19th December 1944 - Wisbech
Thick fog all day. Spent the whole time in the Museum. Among other things, there is a manuscript account, apparently by an eye-witness, of the trial of the Earl of Essex, found among rubbish in a Wisbech lawyers’ office.
This evening got talking to a very pleasant girl called Flood, (Veronica) a
London school teacher evacuated here, and
took her to the cinema. She talked a
good deal about her life here. She is a Catholic, and told me of the incredible insults she had to put
up with on that account. Catholic
children from South London were treated
badly when they came here in 1939. A strong type of Calvinism is rampant here,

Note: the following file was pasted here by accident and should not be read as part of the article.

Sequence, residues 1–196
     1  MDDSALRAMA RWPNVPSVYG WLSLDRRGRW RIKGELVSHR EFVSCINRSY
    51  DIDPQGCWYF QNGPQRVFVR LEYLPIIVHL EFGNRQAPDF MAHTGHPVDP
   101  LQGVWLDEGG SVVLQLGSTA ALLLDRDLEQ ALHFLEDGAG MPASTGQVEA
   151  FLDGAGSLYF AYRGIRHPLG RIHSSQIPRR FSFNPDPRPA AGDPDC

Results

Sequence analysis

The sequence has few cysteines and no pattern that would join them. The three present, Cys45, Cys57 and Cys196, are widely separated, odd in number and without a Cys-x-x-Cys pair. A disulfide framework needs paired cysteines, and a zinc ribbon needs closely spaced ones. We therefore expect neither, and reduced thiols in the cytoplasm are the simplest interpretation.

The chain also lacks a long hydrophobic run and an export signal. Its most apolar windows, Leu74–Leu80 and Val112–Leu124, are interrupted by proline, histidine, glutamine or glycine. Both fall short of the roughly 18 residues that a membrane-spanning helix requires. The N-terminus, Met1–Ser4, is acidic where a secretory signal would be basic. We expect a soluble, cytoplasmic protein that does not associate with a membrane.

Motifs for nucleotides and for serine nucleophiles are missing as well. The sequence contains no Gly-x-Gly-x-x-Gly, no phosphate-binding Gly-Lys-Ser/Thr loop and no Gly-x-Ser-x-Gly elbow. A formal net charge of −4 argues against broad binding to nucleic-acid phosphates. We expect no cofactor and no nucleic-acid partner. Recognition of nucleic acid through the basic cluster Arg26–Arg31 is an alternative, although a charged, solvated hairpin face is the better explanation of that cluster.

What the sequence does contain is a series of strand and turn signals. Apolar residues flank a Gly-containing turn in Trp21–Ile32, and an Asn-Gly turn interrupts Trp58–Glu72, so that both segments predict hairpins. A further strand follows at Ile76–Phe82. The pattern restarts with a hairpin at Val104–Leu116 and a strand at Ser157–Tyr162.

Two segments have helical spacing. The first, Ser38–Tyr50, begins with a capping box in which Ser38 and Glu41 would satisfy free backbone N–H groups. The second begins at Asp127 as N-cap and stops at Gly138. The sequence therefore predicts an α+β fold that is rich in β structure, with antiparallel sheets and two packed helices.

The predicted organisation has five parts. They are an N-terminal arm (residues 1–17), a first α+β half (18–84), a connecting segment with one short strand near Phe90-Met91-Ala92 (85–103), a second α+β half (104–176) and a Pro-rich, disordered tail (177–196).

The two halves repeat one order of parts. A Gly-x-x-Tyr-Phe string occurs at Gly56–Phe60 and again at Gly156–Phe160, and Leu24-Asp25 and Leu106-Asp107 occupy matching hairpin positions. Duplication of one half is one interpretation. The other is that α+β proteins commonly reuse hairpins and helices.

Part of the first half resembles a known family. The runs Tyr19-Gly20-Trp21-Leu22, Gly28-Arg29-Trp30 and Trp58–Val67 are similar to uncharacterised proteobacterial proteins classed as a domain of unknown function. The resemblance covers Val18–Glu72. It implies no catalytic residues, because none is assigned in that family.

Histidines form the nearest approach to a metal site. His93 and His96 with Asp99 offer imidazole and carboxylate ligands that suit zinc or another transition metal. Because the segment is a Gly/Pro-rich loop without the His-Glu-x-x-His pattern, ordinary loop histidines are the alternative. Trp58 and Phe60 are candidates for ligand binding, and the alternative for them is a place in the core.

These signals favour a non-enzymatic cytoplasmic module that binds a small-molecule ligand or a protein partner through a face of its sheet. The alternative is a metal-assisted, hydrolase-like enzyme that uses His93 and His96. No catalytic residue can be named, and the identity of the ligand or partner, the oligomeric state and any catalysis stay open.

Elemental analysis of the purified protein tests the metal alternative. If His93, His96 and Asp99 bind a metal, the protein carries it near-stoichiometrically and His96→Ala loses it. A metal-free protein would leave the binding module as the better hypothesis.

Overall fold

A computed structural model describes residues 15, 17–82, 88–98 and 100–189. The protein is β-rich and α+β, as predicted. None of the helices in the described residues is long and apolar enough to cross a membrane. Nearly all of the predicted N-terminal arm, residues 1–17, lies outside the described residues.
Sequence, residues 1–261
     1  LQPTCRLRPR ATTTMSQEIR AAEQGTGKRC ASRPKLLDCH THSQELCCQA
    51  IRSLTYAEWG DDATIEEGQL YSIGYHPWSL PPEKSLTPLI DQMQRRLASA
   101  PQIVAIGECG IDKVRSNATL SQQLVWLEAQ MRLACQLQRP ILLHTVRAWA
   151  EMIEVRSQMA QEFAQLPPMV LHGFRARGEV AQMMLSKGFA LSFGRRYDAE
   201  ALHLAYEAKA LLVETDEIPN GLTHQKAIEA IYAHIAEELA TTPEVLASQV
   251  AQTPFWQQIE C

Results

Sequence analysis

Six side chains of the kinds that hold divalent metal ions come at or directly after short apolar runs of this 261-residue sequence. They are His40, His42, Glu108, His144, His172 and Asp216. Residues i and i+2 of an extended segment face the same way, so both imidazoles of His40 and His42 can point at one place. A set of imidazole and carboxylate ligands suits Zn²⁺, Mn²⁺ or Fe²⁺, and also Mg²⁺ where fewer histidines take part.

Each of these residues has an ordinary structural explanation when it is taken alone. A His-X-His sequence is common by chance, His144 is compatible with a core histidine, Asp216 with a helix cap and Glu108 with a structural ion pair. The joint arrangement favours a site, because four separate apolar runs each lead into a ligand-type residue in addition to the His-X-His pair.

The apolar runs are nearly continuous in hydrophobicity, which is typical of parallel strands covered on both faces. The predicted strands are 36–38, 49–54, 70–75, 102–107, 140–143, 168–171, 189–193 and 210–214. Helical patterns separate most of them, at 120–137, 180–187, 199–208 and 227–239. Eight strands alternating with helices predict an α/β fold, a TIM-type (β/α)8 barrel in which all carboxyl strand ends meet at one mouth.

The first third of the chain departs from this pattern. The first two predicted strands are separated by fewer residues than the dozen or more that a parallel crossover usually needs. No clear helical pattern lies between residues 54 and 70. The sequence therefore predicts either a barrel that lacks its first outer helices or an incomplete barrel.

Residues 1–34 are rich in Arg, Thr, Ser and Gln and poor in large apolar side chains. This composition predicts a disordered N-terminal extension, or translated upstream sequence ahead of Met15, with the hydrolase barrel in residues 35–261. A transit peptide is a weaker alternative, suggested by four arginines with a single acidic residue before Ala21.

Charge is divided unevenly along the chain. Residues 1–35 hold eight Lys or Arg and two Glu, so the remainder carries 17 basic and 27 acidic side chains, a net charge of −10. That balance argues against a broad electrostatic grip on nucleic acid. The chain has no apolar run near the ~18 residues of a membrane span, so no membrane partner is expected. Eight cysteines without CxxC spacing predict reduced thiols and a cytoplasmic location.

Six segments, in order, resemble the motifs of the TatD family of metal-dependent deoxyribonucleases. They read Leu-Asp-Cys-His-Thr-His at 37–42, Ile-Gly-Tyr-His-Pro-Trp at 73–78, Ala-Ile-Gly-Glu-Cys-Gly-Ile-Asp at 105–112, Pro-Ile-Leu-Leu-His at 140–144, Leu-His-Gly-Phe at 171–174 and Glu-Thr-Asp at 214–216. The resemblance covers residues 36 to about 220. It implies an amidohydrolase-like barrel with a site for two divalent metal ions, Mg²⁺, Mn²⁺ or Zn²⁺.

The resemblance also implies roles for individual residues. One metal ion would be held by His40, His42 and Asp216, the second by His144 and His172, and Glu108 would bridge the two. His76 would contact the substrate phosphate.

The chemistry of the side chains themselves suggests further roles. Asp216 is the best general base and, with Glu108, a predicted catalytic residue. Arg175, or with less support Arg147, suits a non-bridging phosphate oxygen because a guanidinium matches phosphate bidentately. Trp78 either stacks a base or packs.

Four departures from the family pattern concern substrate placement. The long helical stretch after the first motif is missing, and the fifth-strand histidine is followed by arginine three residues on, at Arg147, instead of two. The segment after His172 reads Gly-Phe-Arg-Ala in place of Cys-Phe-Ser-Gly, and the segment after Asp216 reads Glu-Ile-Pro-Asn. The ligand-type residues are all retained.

which makes life very
hard for strangers.
All this was said while we walked along the river bank after the cinema, and we did not get back to the “Lion” until 11.15, to find the whole place shut up and in darkness – the streets were also in almost complete darkness by this time, too. Had some trouble to get in, being at last admitted by a surly bad-tempered boot-boy. Among other things Veronica talked of was the degree of illiteracy in Wisbech. She says hundreds of children can neither read nor write. This wants a lot of believing, but may well be true.